An oblong ivory casket.

Box
ca. 1880 (made)
Not currently on display at the V&A

Artist/Maker
Place Of Origin

From the 1840s onwards, many painters in miniature at Delhi in India were producing series of paintings depicting renowned Mughal rulers or monuments. These were aimed at the growing number of British visitors who came to the city. These miniatures were sometimes mounted in jewellery, but more commonly they were fitted on furniture or boxes of ebony or ivory, such as this example, which is intricately pierced and carved. The leading manufacturer of this type of work was Lala Faqir Chand, whose workshop was very likely to have been responsible for the production of this piece.


object details
Categories
Object Type
Materials and Techniques
Carved and pierced ivory, mounted with miniatures in gouache on ivory, with silver hinges
Brief Description
Box; ivory; An oblong ivory casket with miniatures of Mughal monuments, Delhi, ca. 1880.
Physical Description
The casket is carved in openwork and supported by four winged elephants. The lid fastens with silver hinges, the lock of which is missing. The casket is decorated with eight silver-mounted miniature paintings in gouache on ivory, depicting Mughal monuments. On the top: The Qutb Minar, Delhi; the Taj Mahal, Agra. At front: The Jama Masjid, Delhi; the Lahore gate of the Delhi Fort. On the back; The Moti Masjid, Delhi; the Diwan-i Khas, Delhi. On the right end: An unidentified archway. On the left end; Humayun's tomb, Delhi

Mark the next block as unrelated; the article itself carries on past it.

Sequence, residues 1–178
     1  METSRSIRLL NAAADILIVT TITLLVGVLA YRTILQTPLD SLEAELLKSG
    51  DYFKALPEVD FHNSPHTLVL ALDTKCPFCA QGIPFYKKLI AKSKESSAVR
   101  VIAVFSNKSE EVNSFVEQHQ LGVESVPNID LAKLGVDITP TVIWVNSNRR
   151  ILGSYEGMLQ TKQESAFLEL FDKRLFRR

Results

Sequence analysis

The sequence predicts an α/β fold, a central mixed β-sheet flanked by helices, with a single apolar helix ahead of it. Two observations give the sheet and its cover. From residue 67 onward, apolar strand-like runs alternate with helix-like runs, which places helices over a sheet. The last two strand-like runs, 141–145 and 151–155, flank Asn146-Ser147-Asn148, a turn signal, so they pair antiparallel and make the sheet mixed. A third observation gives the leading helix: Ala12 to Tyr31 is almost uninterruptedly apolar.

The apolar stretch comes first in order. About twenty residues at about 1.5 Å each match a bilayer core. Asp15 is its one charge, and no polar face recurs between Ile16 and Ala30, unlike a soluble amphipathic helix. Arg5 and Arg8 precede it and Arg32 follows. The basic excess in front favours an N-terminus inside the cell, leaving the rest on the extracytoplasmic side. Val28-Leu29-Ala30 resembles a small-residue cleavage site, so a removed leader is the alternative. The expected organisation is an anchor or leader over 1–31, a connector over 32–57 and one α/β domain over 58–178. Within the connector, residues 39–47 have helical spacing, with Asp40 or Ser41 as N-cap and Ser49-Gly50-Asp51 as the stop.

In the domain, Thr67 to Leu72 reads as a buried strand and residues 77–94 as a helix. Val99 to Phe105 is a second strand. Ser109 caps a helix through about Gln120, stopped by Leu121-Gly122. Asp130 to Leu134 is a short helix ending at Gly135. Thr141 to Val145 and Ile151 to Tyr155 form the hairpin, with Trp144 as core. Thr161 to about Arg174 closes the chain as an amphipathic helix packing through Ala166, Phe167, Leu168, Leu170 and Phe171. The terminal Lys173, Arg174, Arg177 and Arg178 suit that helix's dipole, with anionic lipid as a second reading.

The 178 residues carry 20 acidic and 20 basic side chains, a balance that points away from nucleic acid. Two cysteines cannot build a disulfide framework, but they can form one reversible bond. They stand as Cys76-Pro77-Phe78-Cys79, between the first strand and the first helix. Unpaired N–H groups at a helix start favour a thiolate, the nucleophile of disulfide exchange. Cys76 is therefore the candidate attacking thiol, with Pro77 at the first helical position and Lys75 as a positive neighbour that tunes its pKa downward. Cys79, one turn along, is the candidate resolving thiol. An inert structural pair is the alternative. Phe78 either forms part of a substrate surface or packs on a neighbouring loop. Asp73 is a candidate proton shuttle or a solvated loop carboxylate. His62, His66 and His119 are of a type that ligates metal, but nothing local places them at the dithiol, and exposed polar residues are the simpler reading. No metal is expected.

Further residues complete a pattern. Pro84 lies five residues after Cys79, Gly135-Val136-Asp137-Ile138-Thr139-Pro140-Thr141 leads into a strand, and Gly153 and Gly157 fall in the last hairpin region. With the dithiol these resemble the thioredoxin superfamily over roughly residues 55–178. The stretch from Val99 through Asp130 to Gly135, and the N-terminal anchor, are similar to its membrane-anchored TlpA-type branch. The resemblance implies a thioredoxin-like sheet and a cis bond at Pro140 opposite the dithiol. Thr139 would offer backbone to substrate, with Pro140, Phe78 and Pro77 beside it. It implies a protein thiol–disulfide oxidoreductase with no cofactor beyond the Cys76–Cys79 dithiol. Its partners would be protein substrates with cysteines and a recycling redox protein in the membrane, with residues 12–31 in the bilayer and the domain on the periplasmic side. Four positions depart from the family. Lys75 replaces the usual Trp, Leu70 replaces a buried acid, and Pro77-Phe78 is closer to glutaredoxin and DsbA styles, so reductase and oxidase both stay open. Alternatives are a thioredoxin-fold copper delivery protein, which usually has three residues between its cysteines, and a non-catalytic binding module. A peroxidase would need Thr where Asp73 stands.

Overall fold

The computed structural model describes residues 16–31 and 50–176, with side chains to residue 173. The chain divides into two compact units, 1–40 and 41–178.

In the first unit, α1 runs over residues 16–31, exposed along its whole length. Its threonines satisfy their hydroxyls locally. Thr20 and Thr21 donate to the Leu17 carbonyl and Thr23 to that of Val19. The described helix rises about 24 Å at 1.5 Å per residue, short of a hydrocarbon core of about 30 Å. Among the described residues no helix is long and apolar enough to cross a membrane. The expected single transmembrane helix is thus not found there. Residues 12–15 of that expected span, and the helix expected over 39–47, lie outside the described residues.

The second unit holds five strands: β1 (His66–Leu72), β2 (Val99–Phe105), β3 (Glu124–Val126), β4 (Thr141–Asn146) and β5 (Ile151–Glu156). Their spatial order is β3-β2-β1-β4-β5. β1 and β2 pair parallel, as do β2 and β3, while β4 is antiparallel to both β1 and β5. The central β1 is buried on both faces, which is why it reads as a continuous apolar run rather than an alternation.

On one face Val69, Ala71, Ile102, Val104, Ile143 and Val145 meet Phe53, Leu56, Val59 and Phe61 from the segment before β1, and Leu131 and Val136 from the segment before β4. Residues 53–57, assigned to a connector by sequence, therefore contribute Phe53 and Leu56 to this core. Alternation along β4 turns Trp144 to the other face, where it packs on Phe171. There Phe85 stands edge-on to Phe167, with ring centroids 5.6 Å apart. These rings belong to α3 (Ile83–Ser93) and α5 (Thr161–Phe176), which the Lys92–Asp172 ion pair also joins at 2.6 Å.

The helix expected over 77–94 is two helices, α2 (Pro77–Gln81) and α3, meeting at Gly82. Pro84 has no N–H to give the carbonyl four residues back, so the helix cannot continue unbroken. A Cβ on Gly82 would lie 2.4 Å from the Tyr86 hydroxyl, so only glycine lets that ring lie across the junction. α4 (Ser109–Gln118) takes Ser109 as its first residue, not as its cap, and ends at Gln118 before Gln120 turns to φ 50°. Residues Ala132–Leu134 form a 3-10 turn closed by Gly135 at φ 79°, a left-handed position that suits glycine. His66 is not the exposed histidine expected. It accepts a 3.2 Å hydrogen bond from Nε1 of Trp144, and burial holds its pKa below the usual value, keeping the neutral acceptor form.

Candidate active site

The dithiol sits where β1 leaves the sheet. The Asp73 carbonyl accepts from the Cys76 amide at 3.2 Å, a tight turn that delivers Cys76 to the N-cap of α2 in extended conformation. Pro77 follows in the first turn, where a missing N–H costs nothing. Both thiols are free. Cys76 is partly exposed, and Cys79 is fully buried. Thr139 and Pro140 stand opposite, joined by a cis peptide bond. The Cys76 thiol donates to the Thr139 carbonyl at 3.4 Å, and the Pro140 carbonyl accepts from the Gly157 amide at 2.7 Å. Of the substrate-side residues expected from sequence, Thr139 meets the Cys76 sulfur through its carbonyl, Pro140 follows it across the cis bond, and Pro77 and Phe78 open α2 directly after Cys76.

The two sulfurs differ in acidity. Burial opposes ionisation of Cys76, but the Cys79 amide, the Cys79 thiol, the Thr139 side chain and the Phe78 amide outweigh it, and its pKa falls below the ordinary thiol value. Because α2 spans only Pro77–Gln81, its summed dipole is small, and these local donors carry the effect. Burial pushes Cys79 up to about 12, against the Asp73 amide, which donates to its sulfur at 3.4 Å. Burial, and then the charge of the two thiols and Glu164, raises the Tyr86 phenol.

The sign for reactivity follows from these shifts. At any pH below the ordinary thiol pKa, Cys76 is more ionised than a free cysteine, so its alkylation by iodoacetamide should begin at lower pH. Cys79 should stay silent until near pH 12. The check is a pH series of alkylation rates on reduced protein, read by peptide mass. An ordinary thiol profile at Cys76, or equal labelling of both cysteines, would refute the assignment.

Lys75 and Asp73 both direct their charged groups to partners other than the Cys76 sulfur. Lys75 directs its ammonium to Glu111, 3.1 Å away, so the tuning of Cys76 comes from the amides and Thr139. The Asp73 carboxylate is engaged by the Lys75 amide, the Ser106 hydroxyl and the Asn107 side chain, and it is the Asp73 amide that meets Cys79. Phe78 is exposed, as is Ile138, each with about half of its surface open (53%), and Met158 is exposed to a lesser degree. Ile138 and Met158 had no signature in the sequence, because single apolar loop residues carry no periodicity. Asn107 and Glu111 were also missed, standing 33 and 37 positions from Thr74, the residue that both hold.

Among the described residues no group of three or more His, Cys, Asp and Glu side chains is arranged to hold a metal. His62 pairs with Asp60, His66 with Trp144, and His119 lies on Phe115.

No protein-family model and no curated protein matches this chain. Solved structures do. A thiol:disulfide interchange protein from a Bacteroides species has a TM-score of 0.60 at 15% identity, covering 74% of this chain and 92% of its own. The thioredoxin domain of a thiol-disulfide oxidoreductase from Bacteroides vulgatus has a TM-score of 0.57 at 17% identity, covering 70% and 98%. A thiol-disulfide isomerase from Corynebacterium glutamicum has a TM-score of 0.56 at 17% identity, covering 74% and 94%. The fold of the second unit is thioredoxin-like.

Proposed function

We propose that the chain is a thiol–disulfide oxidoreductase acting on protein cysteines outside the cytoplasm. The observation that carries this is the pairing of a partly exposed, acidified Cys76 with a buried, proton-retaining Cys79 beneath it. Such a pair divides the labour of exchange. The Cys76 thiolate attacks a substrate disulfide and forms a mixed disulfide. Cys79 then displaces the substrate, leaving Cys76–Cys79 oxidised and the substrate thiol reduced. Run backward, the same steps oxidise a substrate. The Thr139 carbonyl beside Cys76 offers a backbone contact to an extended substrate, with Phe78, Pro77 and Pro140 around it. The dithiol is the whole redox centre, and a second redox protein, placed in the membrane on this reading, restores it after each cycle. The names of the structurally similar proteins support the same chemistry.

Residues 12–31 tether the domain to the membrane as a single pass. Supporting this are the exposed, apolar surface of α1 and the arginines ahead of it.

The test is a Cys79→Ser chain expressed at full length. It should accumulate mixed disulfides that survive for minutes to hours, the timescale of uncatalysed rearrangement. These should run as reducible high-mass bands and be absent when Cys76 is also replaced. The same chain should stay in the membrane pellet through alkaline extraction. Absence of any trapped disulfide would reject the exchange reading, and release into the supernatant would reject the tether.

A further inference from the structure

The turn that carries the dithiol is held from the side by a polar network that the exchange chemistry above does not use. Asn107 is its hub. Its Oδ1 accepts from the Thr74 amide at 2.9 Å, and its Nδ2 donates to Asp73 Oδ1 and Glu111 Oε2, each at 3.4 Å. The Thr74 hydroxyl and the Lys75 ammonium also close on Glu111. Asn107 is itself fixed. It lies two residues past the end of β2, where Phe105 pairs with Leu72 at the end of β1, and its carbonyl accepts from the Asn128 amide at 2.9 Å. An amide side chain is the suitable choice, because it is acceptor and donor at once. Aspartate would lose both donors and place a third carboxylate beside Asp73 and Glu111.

Dimensions
  • Height: 11.5cm
  • Width: 28.5cm
  • Depth: 9.5cm
Style
Credit line
Given by J. C. O'Dwyer
Object history
Presented by J.C. O'Dwyer.



Dalrymple, William and Sharma, Yuthika (eds). Princes and Painters in Mughal Delhi, 1707-1857. New York : Asia Society ; New Haven [Conn.] : Yale University Press, 2012. ISBN 9780300176667 ; 030017666X. p. 193, cat. no. 96.
Subjects depicted
Places Depicted
Summary
From the 1840s onwards, many painters in miniature at Delhi in India were producing series of paintings depicting renowned Mughal rulers or monuments. These were aimed at the growing number of British visitors who came to the city. These miniatures were sometimes mounted in jewellery, but more commonly they were fitted on furniture or boxes of ebony or ivory, such as this example, which is intricately pierced and carved. The leading manufacturer of this type of work was Lala Faqir Chand, whose workshop was very likely to have been responsible for the production of this piece.
Bibliographic References
  • Jaffer, Amin Furniture from British India and Ceylon: A Catalogue of the Collections in the Victoria and Albert Museum and the Peabody Essex Museum. London : V&A Publications, 2001. 416 p., ill. ISBN 1851773185.p.277, pl.100.
  • Archer, Mildred. Company Paintings Indian Paintings of the British period Victoria and Albert Museum Indian Series London: Victoria and Albert Museum, Maplin Publishing, 1992 226 p. ISBN 0944142303
Collection
Accession Number
IS.2-1957

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record createdJanuary 17, 2000
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